CAE of Montreal has reached a conditional agreement to purchase US defence contractor Lockheed Martin’s Commercial Flight Training division. CAE did not disclose details of the transaction, saying only that the “relatively small, bolt-on acquisition” would allow it to expand its customer installed base of commercial flight simulators. CAE also obtains a number of “useful assets.” These include full-flight simulators, parts and equipment, facilities, technology and a “talented workforce.” The Lockheed division has full flight simulators for Boeing’s 737, 767, 777, and 787, as well as for Airbus A320, A330, and A340.
Lockheed Martin only recently got into the flight simulation market. This exit move is consistent, industry observers say, with its strategy of refocusing on its core aerospace and defence business.
CAE is the dominant player in the full flight simulator market, which, according to Flight Global, sees only forty to fifty transactions on average per year. CAE has accounted for about half of these, selling directly to airlines and third-party lessors, as well as to several joint-venture training centres. However, market research firm GrandView Research reported in May, 2015, that the market is expected to grow, with North America, particularly CAE, continuing to dominate. The market is highly concentrated and characterized by frequent mergers and acquisitions, GrandView says, listing Lockheed Martin as one of the key players, after CAE. Others include Rockwell Collins, Thales Training and Simulation, and L-3 Communications.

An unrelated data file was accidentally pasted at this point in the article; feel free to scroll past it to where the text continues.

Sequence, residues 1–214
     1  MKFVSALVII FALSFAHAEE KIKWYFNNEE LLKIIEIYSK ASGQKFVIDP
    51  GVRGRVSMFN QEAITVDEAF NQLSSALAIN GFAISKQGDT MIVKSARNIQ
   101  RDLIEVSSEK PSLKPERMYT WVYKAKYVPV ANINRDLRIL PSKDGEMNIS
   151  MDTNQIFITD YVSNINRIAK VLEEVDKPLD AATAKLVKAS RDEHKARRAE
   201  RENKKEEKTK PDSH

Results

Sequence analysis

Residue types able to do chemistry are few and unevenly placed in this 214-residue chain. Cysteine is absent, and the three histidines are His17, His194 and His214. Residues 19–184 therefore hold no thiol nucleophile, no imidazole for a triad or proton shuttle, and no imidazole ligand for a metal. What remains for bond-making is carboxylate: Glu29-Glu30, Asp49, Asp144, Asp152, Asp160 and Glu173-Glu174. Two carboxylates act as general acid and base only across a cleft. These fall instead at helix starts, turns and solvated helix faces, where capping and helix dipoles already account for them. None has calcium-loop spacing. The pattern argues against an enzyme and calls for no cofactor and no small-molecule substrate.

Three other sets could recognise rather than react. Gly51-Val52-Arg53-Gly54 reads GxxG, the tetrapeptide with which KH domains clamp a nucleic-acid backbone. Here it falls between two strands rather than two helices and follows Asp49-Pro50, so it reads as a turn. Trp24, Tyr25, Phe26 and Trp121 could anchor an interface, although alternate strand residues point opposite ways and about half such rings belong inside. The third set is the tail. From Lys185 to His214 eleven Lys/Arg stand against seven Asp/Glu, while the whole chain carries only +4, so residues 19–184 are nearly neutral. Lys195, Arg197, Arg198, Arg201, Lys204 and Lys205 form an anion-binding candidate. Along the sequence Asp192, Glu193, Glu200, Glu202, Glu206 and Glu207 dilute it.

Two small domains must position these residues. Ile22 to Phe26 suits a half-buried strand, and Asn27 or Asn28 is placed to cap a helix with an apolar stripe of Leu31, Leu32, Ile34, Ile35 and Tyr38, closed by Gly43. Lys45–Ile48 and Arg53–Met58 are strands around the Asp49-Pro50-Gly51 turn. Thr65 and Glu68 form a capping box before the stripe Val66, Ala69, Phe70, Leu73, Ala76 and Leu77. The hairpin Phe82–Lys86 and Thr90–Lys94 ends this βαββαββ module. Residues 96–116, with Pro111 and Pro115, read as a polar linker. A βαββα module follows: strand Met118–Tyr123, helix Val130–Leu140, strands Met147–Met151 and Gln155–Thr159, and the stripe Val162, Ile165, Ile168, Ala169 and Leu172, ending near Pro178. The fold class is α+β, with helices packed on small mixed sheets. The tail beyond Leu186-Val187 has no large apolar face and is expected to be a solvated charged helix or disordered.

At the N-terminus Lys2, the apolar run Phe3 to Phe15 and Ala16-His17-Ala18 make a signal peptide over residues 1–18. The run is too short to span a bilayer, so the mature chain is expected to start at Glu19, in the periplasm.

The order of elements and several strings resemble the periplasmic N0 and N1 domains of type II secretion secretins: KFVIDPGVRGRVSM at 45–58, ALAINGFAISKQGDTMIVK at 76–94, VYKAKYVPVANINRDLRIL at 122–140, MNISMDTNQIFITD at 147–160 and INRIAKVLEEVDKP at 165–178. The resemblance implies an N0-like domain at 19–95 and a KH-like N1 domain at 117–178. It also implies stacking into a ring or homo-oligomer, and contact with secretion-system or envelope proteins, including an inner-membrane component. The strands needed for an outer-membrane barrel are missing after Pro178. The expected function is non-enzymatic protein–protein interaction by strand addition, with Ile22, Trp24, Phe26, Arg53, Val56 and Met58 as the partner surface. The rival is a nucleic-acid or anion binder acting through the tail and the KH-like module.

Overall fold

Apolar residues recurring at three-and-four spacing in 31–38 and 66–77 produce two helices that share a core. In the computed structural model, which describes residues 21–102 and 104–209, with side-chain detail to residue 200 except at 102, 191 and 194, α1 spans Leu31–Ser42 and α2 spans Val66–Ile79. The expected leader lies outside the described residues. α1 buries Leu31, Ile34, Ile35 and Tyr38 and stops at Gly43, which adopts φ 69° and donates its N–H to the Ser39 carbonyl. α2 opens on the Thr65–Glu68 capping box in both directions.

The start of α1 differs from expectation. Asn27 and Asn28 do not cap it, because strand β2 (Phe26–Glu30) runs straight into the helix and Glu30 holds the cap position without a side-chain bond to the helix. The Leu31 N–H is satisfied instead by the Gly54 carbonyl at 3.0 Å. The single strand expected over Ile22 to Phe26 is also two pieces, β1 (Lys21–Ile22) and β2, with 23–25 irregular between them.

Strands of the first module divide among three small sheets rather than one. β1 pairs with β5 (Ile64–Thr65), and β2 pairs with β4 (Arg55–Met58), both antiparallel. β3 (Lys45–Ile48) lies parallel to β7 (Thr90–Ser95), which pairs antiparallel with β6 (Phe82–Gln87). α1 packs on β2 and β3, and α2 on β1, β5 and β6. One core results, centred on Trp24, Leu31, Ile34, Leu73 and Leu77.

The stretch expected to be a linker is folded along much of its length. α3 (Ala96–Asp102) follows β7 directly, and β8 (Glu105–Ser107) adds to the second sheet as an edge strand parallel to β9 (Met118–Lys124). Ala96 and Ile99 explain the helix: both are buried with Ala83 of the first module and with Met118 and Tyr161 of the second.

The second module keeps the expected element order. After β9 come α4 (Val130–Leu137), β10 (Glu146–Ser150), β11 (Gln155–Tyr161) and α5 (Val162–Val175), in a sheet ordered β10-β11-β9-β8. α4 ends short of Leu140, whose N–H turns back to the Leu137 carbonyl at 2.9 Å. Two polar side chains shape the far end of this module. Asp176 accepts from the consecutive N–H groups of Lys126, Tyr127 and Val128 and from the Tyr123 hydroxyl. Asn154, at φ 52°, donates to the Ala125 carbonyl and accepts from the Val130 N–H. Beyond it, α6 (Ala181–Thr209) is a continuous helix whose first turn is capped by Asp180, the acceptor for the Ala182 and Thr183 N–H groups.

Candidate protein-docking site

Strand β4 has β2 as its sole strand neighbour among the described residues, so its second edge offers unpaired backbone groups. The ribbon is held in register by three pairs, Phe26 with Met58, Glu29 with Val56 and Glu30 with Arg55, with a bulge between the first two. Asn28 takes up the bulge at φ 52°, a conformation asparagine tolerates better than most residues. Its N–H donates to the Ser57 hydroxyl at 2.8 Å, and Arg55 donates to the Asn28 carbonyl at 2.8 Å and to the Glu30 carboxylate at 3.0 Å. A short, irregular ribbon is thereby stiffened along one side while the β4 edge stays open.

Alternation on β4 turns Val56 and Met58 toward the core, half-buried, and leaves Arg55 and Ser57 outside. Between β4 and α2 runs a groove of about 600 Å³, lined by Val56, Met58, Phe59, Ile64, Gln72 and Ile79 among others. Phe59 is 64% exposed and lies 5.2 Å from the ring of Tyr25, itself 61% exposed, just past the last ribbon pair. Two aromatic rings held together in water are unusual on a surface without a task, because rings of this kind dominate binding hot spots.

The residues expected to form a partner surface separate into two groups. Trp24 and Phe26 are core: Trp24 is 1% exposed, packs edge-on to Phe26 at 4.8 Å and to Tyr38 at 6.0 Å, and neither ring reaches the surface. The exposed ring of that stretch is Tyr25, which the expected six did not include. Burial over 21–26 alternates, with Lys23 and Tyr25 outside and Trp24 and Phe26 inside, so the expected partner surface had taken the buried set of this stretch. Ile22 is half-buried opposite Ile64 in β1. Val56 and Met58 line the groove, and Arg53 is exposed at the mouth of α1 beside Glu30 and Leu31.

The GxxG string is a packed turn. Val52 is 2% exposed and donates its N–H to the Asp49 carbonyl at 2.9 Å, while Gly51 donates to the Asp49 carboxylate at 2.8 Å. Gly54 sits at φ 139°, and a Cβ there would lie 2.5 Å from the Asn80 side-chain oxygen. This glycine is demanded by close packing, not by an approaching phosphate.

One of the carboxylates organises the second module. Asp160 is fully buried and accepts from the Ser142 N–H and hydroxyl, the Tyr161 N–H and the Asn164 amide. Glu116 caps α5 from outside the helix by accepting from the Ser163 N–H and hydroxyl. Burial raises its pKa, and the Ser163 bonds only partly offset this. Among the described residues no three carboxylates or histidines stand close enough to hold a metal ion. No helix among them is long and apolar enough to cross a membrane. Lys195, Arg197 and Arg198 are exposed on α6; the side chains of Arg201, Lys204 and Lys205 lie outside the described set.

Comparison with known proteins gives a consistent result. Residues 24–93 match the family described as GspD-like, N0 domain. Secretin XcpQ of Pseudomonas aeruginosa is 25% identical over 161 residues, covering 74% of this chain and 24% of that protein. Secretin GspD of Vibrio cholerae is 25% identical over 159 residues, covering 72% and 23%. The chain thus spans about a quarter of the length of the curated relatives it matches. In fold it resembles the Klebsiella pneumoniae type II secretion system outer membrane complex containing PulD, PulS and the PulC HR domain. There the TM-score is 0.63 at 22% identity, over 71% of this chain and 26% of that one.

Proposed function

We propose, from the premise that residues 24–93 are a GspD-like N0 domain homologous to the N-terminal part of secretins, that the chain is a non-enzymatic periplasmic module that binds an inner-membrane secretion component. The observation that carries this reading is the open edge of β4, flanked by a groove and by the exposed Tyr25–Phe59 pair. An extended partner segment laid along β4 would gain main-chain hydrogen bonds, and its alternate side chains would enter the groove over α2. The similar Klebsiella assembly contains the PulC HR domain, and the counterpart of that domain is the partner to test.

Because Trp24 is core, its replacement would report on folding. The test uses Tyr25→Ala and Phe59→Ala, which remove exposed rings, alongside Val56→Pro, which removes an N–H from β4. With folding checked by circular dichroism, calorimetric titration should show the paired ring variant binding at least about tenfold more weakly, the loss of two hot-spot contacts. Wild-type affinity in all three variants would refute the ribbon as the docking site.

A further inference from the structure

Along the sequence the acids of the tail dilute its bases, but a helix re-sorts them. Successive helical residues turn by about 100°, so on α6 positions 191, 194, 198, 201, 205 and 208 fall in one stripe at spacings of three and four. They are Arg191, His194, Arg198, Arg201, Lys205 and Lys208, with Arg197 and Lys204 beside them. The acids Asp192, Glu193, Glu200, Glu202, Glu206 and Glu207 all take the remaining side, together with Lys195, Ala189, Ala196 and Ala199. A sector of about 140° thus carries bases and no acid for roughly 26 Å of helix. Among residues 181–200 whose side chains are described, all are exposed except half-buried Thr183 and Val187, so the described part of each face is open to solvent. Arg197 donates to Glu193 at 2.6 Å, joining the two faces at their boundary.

CAE reported revenue of $616.3 million for the quarter ended December 31, 2015, an increase of 10 per cent over the same period the previous year. Revenue for the first nine months of its current fiscal year was $1.7 billion, 11 per cent higher than in the previous year. The company has 160 sites and training locations around the world and boasts the world’s largest installed base of flight simulators.